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Group seeks to plant seeds of healing for women escaping sex trafficking
Nonprofit's planned Sacred Roots Farm to help provide 'a place for holistic healing'
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Sacred Roots Farm

What: nonprofit to provide a place of holistic healing for women escaping the sex trafficking industry

Where: office at 337 Boulevard, Gainesville

Contact: call 770-823-3884 or email

More info:

For women escaping the sex trafficking industry, opportunities to start over new are slim, and places they can go to heal fully are even fewer.

Such is the mission of Sacred Roots Farm, which aims to be “a place of holistic healing” for women escaping the sex trafficking industry.

Sacred Roots Farm was recently formed as a nonprofit in Gainesville by the Haupt family. The nonprofit’s eventual aim is to build a residential farm for those women and their children.

Founder Sam Haupt worked for Mission to the World, the mission agency for the Presbyterian Church of America, for about 15 years and developed a passion for helping those in need of mercy.

“In that position I traveled a bit and ended up involved in a lot of mercy ministries, so ministries with kids and people who are exploited, didn’t have opportunities for education, things like that,” he said.

Haupt worked with other missionaries, including Opal Hardgrove, who now serves on the board of Sacred Roots Farm.

“We started understanding more of the plight of human trafficking and sexual exploitation, and how women are being turned into commodities in lots of places of the world,” he said. “We first evaluated what’s being done already and who is doing what. There’s a lot of organizations that are already getting the word out and helping spread awareness.”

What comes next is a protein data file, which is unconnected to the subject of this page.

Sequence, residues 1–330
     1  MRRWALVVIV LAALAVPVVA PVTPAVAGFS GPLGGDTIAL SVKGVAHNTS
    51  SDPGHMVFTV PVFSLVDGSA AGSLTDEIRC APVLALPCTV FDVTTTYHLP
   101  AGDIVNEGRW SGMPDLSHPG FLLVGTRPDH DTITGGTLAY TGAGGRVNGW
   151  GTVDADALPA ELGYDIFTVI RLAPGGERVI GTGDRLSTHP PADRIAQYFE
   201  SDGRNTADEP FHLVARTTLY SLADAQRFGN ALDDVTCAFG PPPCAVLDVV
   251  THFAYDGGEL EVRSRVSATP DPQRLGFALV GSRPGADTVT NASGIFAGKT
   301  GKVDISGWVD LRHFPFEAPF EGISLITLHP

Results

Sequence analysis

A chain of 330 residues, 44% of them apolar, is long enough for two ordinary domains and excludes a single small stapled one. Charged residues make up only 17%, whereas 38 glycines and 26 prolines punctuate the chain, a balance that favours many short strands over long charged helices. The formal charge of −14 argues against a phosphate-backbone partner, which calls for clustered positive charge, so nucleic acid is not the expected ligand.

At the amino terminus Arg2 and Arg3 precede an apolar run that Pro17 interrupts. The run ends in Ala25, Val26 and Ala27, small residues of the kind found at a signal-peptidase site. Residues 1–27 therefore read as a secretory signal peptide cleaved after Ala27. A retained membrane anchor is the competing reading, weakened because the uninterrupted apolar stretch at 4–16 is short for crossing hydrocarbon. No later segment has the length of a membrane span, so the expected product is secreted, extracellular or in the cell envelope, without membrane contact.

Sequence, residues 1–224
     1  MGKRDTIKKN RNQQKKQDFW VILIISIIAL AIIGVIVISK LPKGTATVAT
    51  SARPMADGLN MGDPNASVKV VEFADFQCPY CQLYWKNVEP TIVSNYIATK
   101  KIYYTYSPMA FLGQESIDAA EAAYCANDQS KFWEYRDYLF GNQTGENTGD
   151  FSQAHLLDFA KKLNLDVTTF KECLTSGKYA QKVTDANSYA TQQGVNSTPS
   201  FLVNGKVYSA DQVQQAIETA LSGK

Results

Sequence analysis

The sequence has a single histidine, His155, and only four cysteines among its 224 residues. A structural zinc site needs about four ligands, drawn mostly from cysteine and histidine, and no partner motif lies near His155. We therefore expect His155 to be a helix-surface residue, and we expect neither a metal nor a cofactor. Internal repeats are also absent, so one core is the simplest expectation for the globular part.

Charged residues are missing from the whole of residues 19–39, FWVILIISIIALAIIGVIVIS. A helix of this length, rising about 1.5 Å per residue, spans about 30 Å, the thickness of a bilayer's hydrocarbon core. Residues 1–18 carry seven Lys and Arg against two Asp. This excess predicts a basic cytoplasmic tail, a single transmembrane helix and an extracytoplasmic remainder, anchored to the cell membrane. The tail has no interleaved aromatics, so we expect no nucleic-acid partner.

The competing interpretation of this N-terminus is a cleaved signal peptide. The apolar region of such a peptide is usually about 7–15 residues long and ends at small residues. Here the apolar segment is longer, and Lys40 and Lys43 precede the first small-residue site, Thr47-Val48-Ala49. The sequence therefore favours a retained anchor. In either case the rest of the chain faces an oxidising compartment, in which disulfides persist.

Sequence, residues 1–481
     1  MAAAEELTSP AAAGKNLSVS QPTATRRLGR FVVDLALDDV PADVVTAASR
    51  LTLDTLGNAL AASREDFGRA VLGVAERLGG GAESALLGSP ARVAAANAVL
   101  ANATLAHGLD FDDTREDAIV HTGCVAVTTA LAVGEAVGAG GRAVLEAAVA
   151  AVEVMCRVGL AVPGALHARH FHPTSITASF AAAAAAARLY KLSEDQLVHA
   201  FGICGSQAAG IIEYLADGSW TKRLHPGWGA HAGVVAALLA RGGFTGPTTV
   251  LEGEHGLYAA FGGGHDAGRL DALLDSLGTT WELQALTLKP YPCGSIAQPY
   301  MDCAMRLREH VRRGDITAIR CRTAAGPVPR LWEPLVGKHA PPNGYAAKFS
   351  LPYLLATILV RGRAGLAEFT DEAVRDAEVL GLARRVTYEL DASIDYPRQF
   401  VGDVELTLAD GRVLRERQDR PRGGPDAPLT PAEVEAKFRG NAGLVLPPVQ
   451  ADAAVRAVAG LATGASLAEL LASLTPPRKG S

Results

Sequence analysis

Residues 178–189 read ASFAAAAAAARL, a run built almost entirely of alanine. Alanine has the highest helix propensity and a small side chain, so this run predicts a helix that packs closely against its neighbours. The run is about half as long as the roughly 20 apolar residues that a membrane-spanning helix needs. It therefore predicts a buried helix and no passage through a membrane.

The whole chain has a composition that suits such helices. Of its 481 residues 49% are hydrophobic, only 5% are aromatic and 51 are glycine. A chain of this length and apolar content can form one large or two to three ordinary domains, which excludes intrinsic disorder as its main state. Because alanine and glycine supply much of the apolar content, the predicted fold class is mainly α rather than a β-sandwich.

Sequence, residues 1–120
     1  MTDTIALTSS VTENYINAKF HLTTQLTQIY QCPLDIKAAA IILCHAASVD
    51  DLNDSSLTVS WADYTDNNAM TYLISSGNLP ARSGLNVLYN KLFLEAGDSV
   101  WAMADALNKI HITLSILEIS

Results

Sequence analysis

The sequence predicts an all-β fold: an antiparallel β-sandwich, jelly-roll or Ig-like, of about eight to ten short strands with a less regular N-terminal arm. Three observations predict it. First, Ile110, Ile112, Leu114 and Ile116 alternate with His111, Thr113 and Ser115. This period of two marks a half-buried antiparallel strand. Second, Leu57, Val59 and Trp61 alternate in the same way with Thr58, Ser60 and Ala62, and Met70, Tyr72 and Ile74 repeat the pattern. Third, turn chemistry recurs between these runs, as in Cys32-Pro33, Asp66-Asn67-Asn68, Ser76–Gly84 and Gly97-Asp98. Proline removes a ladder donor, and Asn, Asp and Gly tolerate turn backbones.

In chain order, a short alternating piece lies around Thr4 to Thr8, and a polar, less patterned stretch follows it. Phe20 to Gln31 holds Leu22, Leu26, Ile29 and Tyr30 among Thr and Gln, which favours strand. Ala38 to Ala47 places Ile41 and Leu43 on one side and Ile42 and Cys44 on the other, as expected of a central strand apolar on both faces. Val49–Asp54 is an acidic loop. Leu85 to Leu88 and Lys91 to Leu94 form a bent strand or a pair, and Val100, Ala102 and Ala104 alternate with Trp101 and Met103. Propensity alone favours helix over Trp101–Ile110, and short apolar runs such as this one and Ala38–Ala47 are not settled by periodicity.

Haupt and Hardgrove began researching the issue and learned Atlanta is a known hub of trafficking and sex exploitation in the U.S.

“For us, there was this urgency of, ‘Here’s this real injustice. What do you do about it?’” Haupt said.

He credited several existing organizations, including Not for Sale, Out of the Darkness, Polaris Project, Shared Hope and Well Spring, for their work globally.

But Haupt said they realized “a big hole” in the services available for these women.

“If you’re a woman and you’ve been trafficked since you were 12 years old, you’ve been effectively traumatized at a very formative time in your life,” he said. “The next thing you know, you’re 19 and police bust where you are, and now you’re in a legal system that’s trying to figure out if you are a criminal or a victim.”

Haupt said there are short-term rescue homes for these women, but there’s “a shortage of places to go heal.”

That’s the problem they set out to fix with Sacred Roots Farm. The organization formed officially last year, receiving its 501(c)(3) nonprofit status in May. It’s partnered with the SA Foundation in Vancouver, Canada, which is focused on long-term recovery.

“The truth is none of us heal as fast as we’d like to think, particularly with a significant trauma,” Haupt said. “Sometimes it takes time, opportunity and space. We want to be able to provide that.”

Hardgrove said the farm would particularly be open to women who are pregnant or have children.

“Even if you can find a facility to care for these women already, most of them have children and most of the facilities won’t take them,” she said. “They will only help the women, and the children wind up in foster care.”

Sacred Roots Farm is in a fundraising launch and is trying to raise support for operational costs. Haupt said they have “some land prospects.” More information can be found at

The goal for the farm would be to provide a variety of “holistic” healing opportunities for these women and to help them discover new passions.

“We believe a sustainable farm could serve as a beneficial context of healing,” Haupt said. “There’s something about being around animals and flowers and plants that sort of strokes the soul in a way.”

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